Social distancing policies have put a major strain on the realities of workplace configuration. How do you maintain a safe distance when the job requires close physical proximity? COVID-19 has had a remarkable impact on many facets of the economy and workplace including temporarily relaxing many government regulations (like HIPAA regulations in healthcare).
Once we get past this critical stay-at-home phase of the pandemic, what permanent changes are we to expect in workplace safety policies and government OSHA regulations? And what role can technology play in facilitating effective safety training?
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What we see happening now:
- A lot of people are really scaling back on their training and their training budgets. They are questioning more than ever if something is worth it.
- We see a hesitancy to move forward and a great desire to hold on to their money for the moment because they’re so scared about the future.
- A lot of “set it and forget it.” There’s very little follow up from companies, in terms of figuring out whether behaviors have been adopted. To create real change it isn’t about knowing what to do, it’s motivation to make that change. Having that long term follow up is really important, unfortunately, in these times people are dropping it.
Now and moving forward:
- Over the past couple of months, we were able to find ways to change our processes and procedures to ensure the safety of our trainees… And what we’ve seen in the last month, are people starting to come back. They’re seeing what we’ve done. They’re utilizing what we’ve done in their own workplaces.
- COVID has done more to accelerate the adoption of technology in their company than any CEO or CTO has done in their company’s history. People that maybe were skeptical about online collaboration tools, who have now been forced into that environment or seeing the efficacy of it.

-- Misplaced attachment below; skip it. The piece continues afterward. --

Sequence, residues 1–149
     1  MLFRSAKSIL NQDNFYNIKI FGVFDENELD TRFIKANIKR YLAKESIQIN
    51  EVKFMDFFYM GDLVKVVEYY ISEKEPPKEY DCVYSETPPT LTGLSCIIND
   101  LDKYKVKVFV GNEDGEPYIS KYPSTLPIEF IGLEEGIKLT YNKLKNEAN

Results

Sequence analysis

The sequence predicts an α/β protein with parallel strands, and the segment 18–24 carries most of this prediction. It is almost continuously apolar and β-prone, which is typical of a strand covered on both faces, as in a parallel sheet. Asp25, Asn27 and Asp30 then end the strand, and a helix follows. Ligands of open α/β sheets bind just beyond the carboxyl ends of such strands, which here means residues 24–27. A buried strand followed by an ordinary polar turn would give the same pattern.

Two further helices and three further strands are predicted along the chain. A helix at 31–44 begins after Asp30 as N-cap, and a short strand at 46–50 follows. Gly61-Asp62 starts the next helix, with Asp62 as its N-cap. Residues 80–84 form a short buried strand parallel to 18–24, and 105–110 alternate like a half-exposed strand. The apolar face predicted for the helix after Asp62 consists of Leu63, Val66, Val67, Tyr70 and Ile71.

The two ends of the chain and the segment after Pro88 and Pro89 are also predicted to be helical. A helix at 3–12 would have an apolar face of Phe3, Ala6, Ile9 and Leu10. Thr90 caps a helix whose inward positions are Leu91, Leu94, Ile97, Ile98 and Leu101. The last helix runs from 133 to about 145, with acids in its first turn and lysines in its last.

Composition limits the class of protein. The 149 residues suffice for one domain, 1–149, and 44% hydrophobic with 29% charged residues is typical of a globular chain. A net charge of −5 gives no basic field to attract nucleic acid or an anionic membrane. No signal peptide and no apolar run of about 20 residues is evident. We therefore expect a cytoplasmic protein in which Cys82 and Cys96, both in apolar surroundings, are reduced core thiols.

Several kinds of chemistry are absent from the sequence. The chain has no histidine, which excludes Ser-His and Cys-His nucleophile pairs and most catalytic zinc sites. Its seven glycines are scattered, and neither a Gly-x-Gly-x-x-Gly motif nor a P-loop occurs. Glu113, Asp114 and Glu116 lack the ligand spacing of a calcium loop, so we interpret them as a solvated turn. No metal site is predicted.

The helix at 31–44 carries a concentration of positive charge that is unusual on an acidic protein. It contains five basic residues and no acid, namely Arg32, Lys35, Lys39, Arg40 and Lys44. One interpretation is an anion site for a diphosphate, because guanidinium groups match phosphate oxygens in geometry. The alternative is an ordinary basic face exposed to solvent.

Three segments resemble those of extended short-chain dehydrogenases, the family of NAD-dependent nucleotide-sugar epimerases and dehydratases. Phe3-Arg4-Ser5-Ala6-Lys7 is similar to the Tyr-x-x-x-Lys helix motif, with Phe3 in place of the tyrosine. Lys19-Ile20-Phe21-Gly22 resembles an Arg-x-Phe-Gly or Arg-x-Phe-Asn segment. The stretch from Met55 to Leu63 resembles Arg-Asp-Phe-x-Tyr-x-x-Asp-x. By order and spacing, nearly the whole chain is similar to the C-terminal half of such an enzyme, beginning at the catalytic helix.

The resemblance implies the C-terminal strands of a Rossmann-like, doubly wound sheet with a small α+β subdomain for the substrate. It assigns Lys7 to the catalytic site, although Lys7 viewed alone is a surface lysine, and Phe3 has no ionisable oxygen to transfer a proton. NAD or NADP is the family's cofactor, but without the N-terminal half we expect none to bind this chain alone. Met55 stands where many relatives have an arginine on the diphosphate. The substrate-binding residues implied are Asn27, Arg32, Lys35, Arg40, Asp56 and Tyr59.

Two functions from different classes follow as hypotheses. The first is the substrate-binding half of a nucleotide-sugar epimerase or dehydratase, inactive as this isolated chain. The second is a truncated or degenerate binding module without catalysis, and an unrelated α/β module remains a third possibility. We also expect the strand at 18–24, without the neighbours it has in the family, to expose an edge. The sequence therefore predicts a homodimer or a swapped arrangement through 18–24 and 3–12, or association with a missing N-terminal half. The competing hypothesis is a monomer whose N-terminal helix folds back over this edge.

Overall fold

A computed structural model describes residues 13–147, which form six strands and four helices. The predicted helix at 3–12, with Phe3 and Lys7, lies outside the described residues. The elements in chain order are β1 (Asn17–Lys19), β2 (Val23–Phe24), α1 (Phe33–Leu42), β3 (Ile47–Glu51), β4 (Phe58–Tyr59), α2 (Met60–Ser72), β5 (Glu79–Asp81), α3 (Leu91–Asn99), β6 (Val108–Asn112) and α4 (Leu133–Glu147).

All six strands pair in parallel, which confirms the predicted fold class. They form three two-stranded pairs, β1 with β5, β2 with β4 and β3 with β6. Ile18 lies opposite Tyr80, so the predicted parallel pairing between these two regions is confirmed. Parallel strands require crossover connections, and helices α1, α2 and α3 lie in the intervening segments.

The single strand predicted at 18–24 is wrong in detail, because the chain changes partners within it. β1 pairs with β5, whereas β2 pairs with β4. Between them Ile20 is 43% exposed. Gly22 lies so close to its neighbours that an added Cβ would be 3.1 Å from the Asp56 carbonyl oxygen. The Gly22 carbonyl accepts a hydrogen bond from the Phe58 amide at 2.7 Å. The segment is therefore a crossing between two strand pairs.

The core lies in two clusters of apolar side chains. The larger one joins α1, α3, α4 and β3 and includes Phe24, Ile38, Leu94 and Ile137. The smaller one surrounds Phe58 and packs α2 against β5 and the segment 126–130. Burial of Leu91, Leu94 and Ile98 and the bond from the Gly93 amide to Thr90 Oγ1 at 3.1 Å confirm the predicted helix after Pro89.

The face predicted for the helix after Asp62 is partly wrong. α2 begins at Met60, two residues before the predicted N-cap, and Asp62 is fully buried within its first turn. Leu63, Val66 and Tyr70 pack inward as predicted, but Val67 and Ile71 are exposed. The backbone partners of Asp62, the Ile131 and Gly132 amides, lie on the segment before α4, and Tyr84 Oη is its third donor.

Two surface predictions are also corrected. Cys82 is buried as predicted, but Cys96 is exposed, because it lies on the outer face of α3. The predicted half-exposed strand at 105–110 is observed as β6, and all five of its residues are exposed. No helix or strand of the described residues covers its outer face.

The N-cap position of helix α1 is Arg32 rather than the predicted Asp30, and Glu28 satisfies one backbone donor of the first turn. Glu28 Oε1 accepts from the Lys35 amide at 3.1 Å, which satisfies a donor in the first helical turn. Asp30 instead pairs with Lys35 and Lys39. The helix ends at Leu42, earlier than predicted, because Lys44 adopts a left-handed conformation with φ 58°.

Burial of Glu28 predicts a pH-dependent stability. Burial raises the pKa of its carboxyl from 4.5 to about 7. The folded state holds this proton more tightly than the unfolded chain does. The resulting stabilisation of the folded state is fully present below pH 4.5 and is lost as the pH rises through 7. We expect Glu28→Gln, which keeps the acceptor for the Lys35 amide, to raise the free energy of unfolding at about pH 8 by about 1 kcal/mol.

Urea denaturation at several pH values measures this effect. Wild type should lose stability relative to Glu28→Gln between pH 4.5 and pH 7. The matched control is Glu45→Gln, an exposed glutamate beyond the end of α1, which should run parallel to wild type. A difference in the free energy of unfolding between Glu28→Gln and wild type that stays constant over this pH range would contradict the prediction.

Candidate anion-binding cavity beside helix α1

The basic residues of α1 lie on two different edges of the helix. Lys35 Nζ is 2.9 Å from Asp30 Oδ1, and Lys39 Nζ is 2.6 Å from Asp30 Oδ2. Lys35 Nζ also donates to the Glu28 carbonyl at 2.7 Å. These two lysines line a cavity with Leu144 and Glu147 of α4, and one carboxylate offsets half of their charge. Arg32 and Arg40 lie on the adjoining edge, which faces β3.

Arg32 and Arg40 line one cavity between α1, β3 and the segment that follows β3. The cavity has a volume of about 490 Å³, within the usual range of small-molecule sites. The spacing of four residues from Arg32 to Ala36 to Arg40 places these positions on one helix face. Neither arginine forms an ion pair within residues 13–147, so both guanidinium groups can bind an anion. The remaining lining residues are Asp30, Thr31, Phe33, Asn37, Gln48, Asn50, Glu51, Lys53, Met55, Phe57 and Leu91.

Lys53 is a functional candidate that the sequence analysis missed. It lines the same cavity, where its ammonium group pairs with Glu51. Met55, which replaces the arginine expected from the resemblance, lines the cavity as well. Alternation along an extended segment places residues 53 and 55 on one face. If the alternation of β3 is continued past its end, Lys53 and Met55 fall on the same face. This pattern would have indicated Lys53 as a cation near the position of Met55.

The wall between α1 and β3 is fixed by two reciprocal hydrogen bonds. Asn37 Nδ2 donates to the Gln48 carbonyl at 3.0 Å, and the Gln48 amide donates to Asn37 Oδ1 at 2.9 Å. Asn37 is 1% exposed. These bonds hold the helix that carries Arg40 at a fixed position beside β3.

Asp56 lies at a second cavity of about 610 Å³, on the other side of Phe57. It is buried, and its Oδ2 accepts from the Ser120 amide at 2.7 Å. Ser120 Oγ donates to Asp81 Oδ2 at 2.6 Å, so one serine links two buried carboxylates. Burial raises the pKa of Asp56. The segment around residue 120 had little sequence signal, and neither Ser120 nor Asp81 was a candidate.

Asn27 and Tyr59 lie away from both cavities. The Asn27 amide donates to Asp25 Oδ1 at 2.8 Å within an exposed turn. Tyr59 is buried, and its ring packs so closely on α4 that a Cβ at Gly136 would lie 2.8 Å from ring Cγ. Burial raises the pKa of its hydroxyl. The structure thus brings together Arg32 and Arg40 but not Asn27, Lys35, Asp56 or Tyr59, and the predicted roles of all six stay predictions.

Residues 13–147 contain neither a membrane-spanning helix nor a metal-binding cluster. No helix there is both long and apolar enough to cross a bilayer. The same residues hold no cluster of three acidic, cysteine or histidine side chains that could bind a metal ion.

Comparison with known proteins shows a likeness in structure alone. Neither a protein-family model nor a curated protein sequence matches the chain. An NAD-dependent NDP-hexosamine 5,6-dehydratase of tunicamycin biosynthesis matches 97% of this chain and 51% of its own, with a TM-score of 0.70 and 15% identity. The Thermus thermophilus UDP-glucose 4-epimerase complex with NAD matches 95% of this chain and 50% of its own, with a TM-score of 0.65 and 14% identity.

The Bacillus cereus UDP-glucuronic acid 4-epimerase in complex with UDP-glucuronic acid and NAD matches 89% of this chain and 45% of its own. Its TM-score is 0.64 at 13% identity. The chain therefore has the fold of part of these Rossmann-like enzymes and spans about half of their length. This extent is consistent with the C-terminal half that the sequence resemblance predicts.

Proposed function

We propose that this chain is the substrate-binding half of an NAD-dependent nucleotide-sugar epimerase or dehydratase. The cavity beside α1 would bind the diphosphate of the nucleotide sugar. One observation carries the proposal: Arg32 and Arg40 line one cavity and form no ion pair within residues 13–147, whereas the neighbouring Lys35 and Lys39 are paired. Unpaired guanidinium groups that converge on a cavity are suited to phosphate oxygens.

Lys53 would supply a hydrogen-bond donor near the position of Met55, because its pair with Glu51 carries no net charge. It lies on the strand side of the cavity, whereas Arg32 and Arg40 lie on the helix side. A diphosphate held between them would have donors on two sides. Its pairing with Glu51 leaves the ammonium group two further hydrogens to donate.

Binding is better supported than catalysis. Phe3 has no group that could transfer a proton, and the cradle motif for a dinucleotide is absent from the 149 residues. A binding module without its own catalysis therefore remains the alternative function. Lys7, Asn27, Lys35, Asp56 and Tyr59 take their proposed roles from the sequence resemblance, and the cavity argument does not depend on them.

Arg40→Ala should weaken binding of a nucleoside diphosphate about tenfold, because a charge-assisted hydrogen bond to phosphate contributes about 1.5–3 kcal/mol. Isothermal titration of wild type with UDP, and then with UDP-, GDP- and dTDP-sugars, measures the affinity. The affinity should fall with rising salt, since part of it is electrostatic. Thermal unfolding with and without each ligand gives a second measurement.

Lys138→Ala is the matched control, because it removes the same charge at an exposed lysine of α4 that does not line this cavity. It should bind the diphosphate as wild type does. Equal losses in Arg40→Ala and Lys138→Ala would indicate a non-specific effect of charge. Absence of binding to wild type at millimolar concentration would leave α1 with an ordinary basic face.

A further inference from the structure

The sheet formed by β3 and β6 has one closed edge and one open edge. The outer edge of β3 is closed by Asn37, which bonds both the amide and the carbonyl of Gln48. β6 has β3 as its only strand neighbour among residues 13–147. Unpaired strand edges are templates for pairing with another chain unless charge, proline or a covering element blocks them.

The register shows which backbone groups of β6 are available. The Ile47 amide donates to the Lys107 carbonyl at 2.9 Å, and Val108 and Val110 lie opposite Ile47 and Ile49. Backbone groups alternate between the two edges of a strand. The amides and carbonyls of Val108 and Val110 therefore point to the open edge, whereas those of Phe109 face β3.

- Leveraging “dirty” video. We can get the same learning outcomes through something a little bit more lo-fi, and cost-effective.
- We’re starting to do more and more virtual reality. We see it not as an end all be all, not the one solution, but as a part of an appropriate mix. You can get hands-on experience and training without being hands on them.
- We hope to see more storytelling, leveraging the ability to push out information. For example: short videos that are shot by people in the company or they could be news stories that motivate.
How chatbots are being used to support safety:
- At Seimens, ZACH is being used to promote their Zero Harm culture. You can try out ZACH by texting the below keyword to the phone number.
- Keyword: Zero Harm
- Phone number: (980) 414-8252
- At Houston Area Safety Council they are using a chatbot is used to reinforce training. They identify critical information and use the chatbot to help learners remember it.
- Spark BC Technical is using a chatbot to evaluate behavior change and attitudes toward safety.
Mike Kovacs is the Technical Training Manager and Digital Innovation Owner at Siemens Energy. For the past 19 years, Mike has worked at Siemens Energy teaching and managing technical trainings. Prior to working at Siemens he taught high school math and physics. Mike holds a BS in Aerospace Engineering with a minor in Mathematics from Embry Riddle Aeronautical University.
Erin Riva’s passion for learning and safety can be traced back to her days on the playground as she “educated” her classmates on the best ways to safely line up for a turn on the slide. Now, as an adult education specialist of 20 years, a veteran chatbot & learning tech designer and CEO/co-founder of SparkBC technical training, she continues her quest for the very best ways to “tell people what to do”.
Dick Hannah is the VP of Learning and Innovation with the Houston Area Safety Council (HASC). In his role with HASC he finds new ways to provide effective compliance and safety training to employees of contractors and refinery site owners. Dick holds a BA from Texas A&M University and an MBA with a focus on eBusiness and Internet Technologies.